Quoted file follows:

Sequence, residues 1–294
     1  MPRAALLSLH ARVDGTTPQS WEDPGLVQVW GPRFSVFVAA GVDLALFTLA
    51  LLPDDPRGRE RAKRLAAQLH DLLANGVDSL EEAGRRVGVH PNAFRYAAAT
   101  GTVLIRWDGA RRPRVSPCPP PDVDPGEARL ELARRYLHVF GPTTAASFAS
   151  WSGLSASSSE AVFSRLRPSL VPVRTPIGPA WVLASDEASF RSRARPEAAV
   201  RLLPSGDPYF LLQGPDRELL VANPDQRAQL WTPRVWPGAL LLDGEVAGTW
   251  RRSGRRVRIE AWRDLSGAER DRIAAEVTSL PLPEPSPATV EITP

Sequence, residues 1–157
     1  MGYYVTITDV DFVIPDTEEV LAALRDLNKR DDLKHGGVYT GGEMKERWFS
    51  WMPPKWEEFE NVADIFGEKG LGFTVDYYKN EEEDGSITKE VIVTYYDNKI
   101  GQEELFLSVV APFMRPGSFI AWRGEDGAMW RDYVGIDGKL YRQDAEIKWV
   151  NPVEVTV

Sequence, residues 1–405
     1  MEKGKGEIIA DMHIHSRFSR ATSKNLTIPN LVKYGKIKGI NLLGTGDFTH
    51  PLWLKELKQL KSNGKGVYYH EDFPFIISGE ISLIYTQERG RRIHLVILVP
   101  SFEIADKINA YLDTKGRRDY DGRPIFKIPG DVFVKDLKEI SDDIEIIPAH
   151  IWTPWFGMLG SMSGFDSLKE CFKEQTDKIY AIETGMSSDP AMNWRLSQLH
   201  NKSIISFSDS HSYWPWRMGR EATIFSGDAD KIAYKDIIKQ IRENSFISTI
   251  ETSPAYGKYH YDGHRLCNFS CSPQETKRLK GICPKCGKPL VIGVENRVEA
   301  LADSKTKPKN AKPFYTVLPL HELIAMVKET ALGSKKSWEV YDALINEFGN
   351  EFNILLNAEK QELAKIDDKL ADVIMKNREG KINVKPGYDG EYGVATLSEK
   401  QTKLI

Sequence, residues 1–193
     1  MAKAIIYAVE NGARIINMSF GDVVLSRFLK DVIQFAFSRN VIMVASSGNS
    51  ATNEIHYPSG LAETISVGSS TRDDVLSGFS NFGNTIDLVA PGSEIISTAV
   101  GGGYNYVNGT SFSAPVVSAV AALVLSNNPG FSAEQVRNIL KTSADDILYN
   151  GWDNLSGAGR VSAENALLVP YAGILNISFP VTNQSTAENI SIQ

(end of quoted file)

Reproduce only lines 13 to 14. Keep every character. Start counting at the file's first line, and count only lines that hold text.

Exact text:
Sequence, residues 1–405
     1  MEKGKGEIIA DMHIHSRFSR ATSKNLTIPN LVKYGKIKGI NLLGTGDFTH